Modelling skills becoming the most important, universal skill in project finance

19 January 2016

Operis is today releasing an eBook examining how financial modelling skills have become essential for professionals in every discipline across the finance industry. With financial models taking an ever-greater role in defining transactions contractually, it is vital that project finance professionals receive the training they need to operate effectively in the future.

The new eBook argues that assessing increasingly sophisticated deals is dishearteningly time consuming for junior finance professionals and veterans alike. The eBook particularly addresses the struggle of senior professionals, whose experience was gained in an era when models played a less central role in concluding transactions.

The eBook features contributions from experts in the fields of law, finance and accounting who provide perspectives on the roles they play in project finance deals. These interviews have been combined with Operis’s 25 years of project finance modelling and training experience to present a snapshot of the current pressures facing market participants.

Jonathan Swan, Director of Training at Operis, comments: “The range of professionals that interact with a financial model in the course of their work is always growing, and yet training in model interrogation and analysis is not growing to match. What the eBook highlights is the fact that people in different disciplines need different things from the model. Currently, many training courses on offer are ‘one size fits all’, but we believe they should be tailored to the individual profession.”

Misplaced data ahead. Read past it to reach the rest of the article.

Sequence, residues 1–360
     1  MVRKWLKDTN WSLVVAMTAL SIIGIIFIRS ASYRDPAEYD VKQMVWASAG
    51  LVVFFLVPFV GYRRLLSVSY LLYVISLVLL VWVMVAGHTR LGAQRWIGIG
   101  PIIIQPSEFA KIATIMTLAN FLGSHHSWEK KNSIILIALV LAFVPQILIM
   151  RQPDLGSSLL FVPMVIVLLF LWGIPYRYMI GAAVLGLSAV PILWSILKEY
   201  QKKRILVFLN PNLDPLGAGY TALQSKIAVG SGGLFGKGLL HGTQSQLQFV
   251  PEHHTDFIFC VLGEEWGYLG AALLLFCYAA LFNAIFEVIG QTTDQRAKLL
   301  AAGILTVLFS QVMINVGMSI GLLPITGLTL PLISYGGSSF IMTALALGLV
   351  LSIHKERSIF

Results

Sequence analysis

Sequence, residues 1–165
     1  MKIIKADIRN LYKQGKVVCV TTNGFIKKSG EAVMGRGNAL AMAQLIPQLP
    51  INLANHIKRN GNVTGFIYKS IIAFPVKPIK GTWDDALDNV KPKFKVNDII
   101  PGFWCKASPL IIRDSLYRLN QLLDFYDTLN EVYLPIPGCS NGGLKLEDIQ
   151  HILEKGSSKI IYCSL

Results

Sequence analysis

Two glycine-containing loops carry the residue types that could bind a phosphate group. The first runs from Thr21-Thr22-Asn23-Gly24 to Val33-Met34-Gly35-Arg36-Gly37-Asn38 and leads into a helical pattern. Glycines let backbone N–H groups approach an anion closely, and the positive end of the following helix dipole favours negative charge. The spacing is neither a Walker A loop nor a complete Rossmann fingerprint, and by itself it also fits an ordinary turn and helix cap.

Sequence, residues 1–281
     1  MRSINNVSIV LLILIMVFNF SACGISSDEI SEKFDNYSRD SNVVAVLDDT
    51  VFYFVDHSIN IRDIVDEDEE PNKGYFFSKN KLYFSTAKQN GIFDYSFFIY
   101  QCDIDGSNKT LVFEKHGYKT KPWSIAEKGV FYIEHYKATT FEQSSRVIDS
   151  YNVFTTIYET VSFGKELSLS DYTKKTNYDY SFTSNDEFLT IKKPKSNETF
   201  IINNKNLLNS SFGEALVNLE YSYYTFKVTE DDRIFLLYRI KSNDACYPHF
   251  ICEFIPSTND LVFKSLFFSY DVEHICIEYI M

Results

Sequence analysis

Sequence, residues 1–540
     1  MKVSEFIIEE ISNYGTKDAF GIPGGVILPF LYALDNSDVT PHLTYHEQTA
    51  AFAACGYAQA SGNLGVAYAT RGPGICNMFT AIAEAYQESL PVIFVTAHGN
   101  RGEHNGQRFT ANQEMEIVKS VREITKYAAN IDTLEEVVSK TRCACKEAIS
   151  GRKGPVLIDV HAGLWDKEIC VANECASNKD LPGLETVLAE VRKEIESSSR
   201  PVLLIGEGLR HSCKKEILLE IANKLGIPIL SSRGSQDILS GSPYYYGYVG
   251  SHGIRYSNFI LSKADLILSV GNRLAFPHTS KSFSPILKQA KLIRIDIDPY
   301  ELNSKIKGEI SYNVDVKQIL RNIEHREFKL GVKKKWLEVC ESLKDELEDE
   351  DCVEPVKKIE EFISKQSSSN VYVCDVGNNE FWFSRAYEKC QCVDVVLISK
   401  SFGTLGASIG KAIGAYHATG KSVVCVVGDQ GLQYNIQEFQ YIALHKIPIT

Historically, training has only been widely available for developing models, but the areas most useful to bankers, lawyers and bid managers are assessing and interrogating models and aligning contracts and financial models. These sections outline the core areas for professionals to increase their skills:

Developing financial models:

A spreadsheet that estimates a project and shareholder return, as well as debt coverage ratios across different time frames, is a substantial piece of work. The best modellers accomplish the calculations in a way that appears effortless and is easily understood by the reader.

Assessing and interrogating models:

Assessing a model involves deciding whether a deal described by spreadsheet is attractive, and whether that description is trustworthy. The central elements include applying checks, verifying results, and tracing formula logic, as well as understanding and interrogating subtleties that affect debt coverage ratios and other metrics. This section covers imperative skills for lenders and investors who need to decide whether to participate in transactions.

Aligning contracts and financial models:

Confirming whether the ratios defined in the agreements between the parties meaningfully describes the maths performed by the project model is a crucial step in any deal. Knowing the issues in play imparts a deep understanding of the commercial trade-offs involved in definitions. This context is essential to bankers who put forward term sheets, and legal advisers who formalise the bankers' offer in a credit agreement or equivalent.

Jonathan Swan adds: “Model interpretation should provide a clear and unambiguous understanding of a transaction’s possible outcomes. These aren’t minor technical matters – they can determine the price in competitive bids, or the difference between success and failure for a project. As the importance of models continues to grow in all areas of finance, model interpreting skills are taking an increasingly central, universally important role.”

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